Sydney International Wine Competition judge Andreas Larsson seemed to like this wine, a lot. There were other judges that did as well. But I trust Andreas Larsson, simply because he looks the most like Matt Preston. And Matt Preston is the human embodiment of gourmet. Plus, Andreas Larsson was the only judge pictured with a glass of champagne, so I imagined he was a bit of fun.
What Andreas Larsson says about South Point Estate Rosé: It's a bright light ruby colour. The nose is displaying red berries with some spicy ginger notes. Mid weight. A rather soft palate but decent length and a peppery finish. It has good grip and spiciness thus it works well with the food.
What Banjo says: It's actually pretty dry. Despite smelling pretty sweet, it doesn't taste too sweet. It's got quite a lot of acidity. I guess the negative point would be that, after about five seconds in your month, you can't taste any of it. It's just very simple. A little bit crunchy, dry, fairly fresh but pretty short. I don't mind that initial burst of flavour but it goes away really quickly.
What I say: I'm not sure what rosé is meant to taste like. Maybe whatever flavour profile you'd associate with The Real Housewives of Melbourne. I might've been too busy trying to swill the wine around my mouth properly to think of a description, but this wine kind of tasted like nothing. It smelled pretty nice though. Fun fact: Rosé is not, in fact, a mix of red wine and white wine. Thanks for clearing that one up, Banjo.
Banjo's price guess: $10
Actual Aldi price: $4.99
Precious Earth Shiraz Merlot
"So this is a blend of Shiraz and Merlot grapes," Banjo said, pouring our second glass. "It says, 'Great for BBQs and outdoor entertaining, this wine is ideal for drinking while young and fresh.'" Clearly neither Banjo nor I are young nor fresh enough to tolerate this wine. The colour looked fine, but from the first sniff it seemed something was up.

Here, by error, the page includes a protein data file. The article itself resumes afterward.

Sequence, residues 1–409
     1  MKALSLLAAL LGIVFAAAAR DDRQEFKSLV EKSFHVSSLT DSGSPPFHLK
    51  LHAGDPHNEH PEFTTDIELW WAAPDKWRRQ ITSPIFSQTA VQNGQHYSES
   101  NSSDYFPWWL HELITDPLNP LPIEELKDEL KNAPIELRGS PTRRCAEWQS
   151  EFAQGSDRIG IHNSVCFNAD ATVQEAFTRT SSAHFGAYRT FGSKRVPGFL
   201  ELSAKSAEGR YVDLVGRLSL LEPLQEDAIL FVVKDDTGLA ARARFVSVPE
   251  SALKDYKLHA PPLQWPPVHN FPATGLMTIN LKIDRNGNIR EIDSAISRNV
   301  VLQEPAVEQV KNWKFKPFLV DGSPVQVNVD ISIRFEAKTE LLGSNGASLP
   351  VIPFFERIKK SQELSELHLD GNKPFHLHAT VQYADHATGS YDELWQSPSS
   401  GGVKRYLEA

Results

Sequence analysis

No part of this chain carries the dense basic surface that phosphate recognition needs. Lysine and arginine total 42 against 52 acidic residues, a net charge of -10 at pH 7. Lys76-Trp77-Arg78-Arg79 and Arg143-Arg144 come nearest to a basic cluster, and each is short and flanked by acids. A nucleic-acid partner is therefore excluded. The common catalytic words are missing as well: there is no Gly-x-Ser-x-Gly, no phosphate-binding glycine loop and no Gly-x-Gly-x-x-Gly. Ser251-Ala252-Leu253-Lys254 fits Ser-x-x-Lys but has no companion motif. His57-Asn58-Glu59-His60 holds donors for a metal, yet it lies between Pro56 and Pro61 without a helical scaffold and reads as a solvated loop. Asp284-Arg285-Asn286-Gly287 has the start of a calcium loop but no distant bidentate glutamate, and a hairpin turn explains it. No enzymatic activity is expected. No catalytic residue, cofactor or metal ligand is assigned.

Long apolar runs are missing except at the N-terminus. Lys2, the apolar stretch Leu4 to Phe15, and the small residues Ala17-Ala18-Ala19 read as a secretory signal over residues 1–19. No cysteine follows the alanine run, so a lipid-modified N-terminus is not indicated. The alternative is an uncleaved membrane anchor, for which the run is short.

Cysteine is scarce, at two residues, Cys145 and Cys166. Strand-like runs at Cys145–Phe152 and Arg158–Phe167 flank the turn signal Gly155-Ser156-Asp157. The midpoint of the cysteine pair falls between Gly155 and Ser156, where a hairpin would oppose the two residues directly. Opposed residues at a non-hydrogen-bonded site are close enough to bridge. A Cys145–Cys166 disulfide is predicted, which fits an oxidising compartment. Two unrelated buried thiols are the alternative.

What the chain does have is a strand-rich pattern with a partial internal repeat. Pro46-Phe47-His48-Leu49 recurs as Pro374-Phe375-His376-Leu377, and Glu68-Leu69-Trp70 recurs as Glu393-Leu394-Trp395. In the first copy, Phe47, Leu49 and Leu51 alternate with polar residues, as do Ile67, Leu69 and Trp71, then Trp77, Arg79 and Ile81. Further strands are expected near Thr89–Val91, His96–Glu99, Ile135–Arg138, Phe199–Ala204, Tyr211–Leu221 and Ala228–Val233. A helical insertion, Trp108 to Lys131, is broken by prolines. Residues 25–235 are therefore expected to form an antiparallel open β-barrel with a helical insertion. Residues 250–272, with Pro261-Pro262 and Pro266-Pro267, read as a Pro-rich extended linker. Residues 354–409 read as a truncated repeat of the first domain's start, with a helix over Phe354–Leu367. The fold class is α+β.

"Oh shit, that smells… really weird. What do you think that smell is?" I asked, trying to put my finger on the acrid stench leaching from my glass. "That's really horrible. You get that really sweet blueberry, like really ripe berries," Banjo said. Ripe berries is overly generous. This wine smelled like low tide.
The first sip dried my mouth out completely. I felt I looked like Grandpa Abe in that episode of The Simpsons when the turtle steals his dentures. Full blown lemon mouth. Also, it tasted like "burnt."
"Basically traditional red wines are aged in oak barrels. But to buy an oak barrel is quite expensive," Banjo explained, spitting the bin juice away. "A much cheaper way is to have your tank full of wine and you throw the oak chips in there. It's meant to have the same sort of effect. But… it doesn't."
He motioned towards the Precious Earth, "It's just really exaggerated and gross."
Andreas Larsson says: Andreas Larsson didn't actually have anything to say about this wine because, surprisingly, it didn't rate at the Sydney International Wine Competition.
Banjo says: This was, hands down, the worst wine he'd ever tasted. He even took a photo of it for Instagram with that very caption. It tasted like burnt rubber.
I say: I didn't think I had standards but I obviously do.
Banjo's price: If the rosé was $4.99, this can't have been any more. It would boggle my mind if it was cheaper, I can't imagine producing a bottle of wine for less.
Aldi price: $2.89
Tudor Central Victorian Shiraz
I thought this one looked pretty okay but Banjo told me that was all part of the trick. "Like, that looks cheap," he said, picking up the dreaded Precious Earth again. "But if you spend $1000 and get a graphic designer to do a nice label… It's got these medals on there that probably don't really mean anything."
As Banjo explained the big lie that is wine marketing, I felt my youth draining away. Gone were the days where I could walk into LiquorLand and pick up the first bottle with a nice-looking label. That was no indication that it would be any good. But then we started tasting this faux fancy Shiraz.